By Pablo Mogollon, Cellular & Molecular Medicine, Third Year
The French Dispatch is a homage to journalism, and the solitary work of creatives, told through a somewhat disorganised collection of stories that incorporate Wes Anderson’s characteristic tone in its most overwhelming nature.
Set in the fictional town of 'Ennui-sur-Blasé', with all of Anderson’s beloved classical outdated French clichés included, the film details the final issue of The French Dispatch, an American magazine lead by Arthur Howitzer Jr. (Bill Murray), as written by his team of journalist confidants, who narrate several separate stories in the “arts, politics and diverse stories of human interest”. These include a jailed man with an artistic flair (Benicio del Toro), a young revolutionary student (Timothée Chalamet) and his affair with a journalist (Frances McDormand) during the 1968 Parisian student strikes, and the story of a food writer (Jeffrey Wright) as he’s entangled in a kidnapping case.
With all these segments filmed in varying aspect ratios, colour palettes, and even animated sequences they come together in a seamless and very pleasant fashion thanks to cinematographer and long-time collaborator Robert Yeoman.
This anthology approach to the narrative is given through a very extensive and intricate screenplay that I can only imagine must have caused the Searchlight executives some serious distress. With a narrative and dialogue throughout the stories thats presents a lack of cohesion, the viewer is easily driven into a hazy understanding of the events, resulting in an overwhelming feeling which invites the thought that Anderson might have integrated too many ideas that don’t necessarily work together.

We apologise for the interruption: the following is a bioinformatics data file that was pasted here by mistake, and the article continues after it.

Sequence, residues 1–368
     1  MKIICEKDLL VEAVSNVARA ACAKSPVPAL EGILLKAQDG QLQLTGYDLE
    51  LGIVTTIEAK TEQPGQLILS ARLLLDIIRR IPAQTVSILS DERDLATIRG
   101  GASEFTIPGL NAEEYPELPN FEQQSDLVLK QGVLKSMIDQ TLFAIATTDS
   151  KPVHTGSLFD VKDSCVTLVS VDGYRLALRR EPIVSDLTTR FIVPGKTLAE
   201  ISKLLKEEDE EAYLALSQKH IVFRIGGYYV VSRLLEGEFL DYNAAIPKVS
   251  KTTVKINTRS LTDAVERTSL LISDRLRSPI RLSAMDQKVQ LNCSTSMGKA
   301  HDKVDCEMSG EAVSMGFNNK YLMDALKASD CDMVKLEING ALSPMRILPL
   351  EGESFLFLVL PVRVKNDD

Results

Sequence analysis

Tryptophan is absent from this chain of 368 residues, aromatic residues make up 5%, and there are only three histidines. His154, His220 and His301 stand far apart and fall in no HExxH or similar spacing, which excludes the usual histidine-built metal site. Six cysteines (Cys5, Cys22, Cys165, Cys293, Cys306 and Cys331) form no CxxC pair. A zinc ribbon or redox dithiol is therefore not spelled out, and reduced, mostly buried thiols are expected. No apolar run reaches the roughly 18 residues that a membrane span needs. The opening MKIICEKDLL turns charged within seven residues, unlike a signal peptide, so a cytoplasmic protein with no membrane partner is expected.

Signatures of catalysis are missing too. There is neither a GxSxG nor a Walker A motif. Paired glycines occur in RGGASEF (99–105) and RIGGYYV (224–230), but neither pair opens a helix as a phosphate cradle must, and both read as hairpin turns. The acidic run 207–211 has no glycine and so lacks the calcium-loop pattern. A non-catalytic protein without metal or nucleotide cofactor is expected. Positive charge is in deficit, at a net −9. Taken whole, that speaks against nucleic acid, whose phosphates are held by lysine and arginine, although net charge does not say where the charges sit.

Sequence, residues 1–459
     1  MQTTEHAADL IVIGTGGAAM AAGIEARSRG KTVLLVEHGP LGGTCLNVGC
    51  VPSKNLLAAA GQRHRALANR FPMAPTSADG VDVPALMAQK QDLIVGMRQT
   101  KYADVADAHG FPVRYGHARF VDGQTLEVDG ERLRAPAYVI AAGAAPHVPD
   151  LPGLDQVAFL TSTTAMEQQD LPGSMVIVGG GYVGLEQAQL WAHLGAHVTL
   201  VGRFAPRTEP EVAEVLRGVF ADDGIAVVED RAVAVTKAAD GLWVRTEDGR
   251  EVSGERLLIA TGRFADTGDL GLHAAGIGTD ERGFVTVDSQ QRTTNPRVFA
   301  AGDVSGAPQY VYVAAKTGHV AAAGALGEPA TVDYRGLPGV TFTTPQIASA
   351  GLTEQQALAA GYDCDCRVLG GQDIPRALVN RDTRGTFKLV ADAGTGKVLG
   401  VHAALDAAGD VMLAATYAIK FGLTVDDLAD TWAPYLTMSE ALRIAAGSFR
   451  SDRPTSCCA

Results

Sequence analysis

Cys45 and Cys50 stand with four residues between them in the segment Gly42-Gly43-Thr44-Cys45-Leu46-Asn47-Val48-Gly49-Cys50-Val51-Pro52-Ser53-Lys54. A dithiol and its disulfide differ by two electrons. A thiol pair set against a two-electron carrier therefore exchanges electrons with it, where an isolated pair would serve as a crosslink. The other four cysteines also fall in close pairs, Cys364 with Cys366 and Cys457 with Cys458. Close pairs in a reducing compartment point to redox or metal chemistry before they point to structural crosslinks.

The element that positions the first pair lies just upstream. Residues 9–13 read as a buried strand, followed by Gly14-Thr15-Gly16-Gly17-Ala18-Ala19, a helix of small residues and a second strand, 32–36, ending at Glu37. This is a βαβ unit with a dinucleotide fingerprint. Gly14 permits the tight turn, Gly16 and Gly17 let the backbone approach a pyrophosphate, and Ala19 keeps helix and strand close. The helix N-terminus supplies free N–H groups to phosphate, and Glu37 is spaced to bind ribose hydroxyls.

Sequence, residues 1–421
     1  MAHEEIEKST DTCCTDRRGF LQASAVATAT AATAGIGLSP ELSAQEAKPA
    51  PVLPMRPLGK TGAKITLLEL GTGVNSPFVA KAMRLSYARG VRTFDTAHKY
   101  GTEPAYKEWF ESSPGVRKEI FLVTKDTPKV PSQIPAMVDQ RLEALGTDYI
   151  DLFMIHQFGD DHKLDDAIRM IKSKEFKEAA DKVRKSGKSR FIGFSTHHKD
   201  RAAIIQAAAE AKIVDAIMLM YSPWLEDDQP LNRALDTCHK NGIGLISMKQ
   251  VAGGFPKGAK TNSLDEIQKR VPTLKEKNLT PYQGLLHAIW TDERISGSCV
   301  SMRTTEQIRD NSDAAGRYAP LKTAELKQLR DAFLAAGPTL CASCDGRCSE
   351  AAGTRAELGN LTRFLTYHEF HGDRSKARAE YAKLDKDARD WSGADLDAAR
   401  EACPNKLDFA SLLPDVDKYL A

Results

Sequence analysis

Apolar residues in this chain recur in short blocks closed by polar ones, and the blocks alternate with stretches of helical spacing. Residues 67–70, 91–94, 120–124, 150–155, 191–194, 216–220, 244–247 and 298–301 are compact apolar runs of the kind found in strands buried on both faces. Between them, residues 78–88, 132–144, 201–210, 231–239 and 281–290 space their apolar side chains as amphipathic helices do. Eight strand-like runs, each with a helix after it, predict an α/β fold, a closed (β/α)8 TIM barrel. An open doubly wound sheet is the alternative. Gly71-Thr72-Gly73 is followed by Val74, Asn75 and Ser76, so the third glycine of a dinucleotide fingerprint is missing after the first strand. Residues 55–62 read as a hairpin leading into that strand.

This causes a loss of empathy towards the characters, as their background and development are depicted in large amounts of dialogue through a very limited space of time.
However, a common characteristic that drives the whole film and its stories is the solitary nature of journalists and creative individuals. Each piece is portrayed in such a way that the principal characters denote a sense of loneliness and solitude, beautifully and movingly exemplified in a sequence involving Roebuck Wright (Jeffrey Wright), as he is asked why his work is usually centred around food.
This common emotion through the film acts as compensation for the lack of individual characterisation, further emphasised by the closing sequence of the movie, where a fantastic change in emotional direction drives it to a satisfying close.
The film certainly owns Anderson’s unique tone, and involves what can only be seen as an inexplicably star-studded cast - but who wouldn’t want to take part? Wes has the ability to bring out a facet of the actors they can only portray in a work of his style, as impeccably shown in the film. The French Dispatch is an overwhelmingly grandiose Wes Anderson feature that, although slightly clumsy at some points, will not fail to attract the affection of his fans, and offers a very enjoyable experience that always brings a breath of fresh air to the standard of contemporary cinema.
Featured Image: IMDB
Will you be visiting the French Dispatch anytime soon?